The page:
I hope the title does not throw you off! Two dangerous words – ‘weight loss’ and ‘mathematical’ except of course for Pattu the maths professor!

A plate of samosa – takes about 10 minutes to eat, and 65 minutes to burn off. Did not like the equation? welcome to the cruel world of mathematics. The world of maths and excel sheet are both unemotional and therefore cruel. They show you things exactly as it is.

The day I run say 21 km and happen to visit a friend over a meal, the will invariably say ‘arre Subra you have run 21 km today, so you can eat one EXTRA plate of kulfi’.

This is emotionally right, but mathematically it sucks. Running 21 kms I burn about 1200 calories. This is about 4 samosas, that is all.

So to reduce weight what do you have to do? You need to create a calorie ‘deficit’ of about 9000 calories. How do you create this? Well if you run for say 5km you will end up burning say 450 calories. If you run 20 days in a month (food held constant) you will end up losing about 1kg a month.

Or you could eat less – assuming you burn about 1500 calories for your day to day activities your INTAKE has to be about 1000 calories per day. Over a 20 day period you will reduce your weight by 1kg.

Obviously if you run more / play more aggressive a sport for a longer period of time you will burn more. If you cut down your food intake by 500 calories a month, and run for 20 days in a month, you will lose 1kg a week.

Just eating less may not be a great solution – eating right is a super solution. If you replace your rice and wheat with fresh uncooked salads – almost all green vegetables – can be eaten uncooked. This fills your stomach without the calories.

However if you are at a stage when you do not know how much you eat and how much you burn, you need to start keeping track of that. So step ONE (like any project) is to keep accounts. I know people who are very happy using www.myfitnesspal.com – and it also calculates the ‘calorie deficit’ that you need to create. Of course you need to write down everything that you do – eat or burn. This tool will then tell you whether you are headed towards your goal or not!

The question is ‘Do I need to be so scientific in my weight reduction program?’. Frankly the question to ask is ‘what is a post on weight loss doing in a financial blog’?

The answer is simple – if you are serious you need to measure, have a target and do a continuous comparison of actual with the budgeted results. This is called tracking. Big and huge projects hardly get done well without MONITORING…I hope you agree.

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  1. Some people never gain weight even after eating junk food, extra food. Infact some I know are underweight. What are the reasons behind that? Are they lucky to have such kind of metabolism or is it some other hidden problem in long run.

  2. What a turn in the last paragraph excellent,
    Somehow both Financial health & personal health are very difficult to achieve without extreme concentration & tracking..

  3. At 30 years of age and a BMI of 20.8 despite having a desk job, I know what you mean Subra when you refer to the mathematical cruelty of losing weight. It does take huge commitment to show up in the gym after a hard days work.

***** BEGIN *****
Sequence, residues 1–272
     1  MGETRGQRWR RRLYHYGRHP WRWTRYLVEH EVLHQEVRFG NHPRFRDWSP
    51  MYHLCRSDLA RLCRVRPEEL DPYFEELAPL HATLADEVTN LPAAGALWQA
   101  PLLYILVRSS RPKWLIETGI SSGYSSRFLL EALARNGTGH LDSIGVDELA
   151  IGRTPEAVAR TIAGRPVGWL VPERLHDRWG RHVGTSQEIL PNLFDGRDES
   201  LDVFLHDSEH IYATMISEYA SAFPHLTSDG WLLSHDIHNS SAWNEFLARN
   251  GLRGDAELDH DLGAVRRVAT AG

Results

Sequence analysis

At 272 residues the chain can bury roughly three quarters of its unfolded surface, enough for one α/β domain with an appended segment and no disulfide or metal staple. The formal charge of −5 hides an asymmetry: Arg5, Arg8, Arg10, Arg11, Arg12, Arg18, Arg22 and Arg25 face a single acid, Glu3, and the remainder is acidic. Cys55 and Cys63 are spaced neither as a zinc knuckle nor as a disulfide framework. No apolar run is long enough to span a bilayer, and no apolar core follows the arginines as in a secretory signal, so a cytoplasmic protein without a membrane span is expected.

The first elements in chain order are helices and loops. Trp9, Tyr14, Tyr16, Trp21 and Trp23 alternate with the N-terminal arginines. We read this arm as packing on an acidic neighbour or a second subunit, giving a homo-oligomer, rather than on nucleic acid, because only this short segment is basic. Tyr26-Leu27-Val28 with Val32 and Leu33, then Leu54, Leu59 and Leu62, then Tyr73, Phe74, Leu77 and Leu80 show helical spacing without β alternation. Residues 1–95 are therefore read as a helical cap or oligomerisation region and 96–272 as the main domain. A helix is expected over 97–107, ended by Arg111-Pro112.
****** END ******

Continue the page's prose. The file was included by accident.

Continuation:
65 mins on a treadmill to balance off 10 mins of eating a samosa is no joke. But it does pay off handsomely everytime your fitness level is tested, or your physical shape complimented.

  4. Subra Sir,

    Mathematics somehow does not work on human (especially Indian) metabolism better suited for periodic starvation.
    Your plan of action is correct, but it will not get expected results. You reduce your intake, your BMI will fall to compensate for the famine situation.
    You exercise too much, rest of the day you will be reluctant to move a muscle which will offset any gain by the exercise.

    For a disciplined person like you, who is financially and physically disciplined, the mathematics will work.

    For many, non-disciplined persons mathematics turns into chaos midway – both financially and physically.

    Discipline is the key.
    Wish I had it!

  5. agree with sachin.it simply isnt calories in -calories out anymore. there is good research these days which supports the paleo diet.ie caveman diet. the wheat/rice of our industrial age is very different from those of our forefathers and therefore its action on our metabolism is not as expected in the past.
    runners have been told to eat carbs and avoid fats. all that is being challenged now.

  6. I always tell my friends that in financial health the inflow should be more than the outflow. For maintaining your personal health it is the opposite i.e. your intake should be less than the outflow. There lies the relevance of this topic in this blog.

  7. On eating right, I found this book by rujuta diwekar very helpful: “Dont lose your mind, lose your weight”
    Good post Subraji

  8. I just go to your site, after reading your rediff article..
    I like what you wrote there & here…. my tidbits….

    I’m yet to get these tested, so only this is a hunch.

    1) Obese folks don’t chew well… So, drinking their food & eating their water… could reduce weight.

    2) I’ve seen people eat ghee-rice, butter & what not, but still manage to stay shapely. Seems like eating on-time and regularly thrice a day, holds the key. Frankly, I am uncomfortable with this healthy-snacking & eat 6 small-meals a day.

    Fat or excess weight can go out from our body using sweat, urine, stool & semen/cum.

    Exercise uses sweat.
    Water & Chewing-well uses Urine & Stool
    & ahem…

    So, using one or more of these optimally should help us all to cut fat.

    After all, Staying healthy is the best investment we can make.

    Plz fill in, your thoughts.

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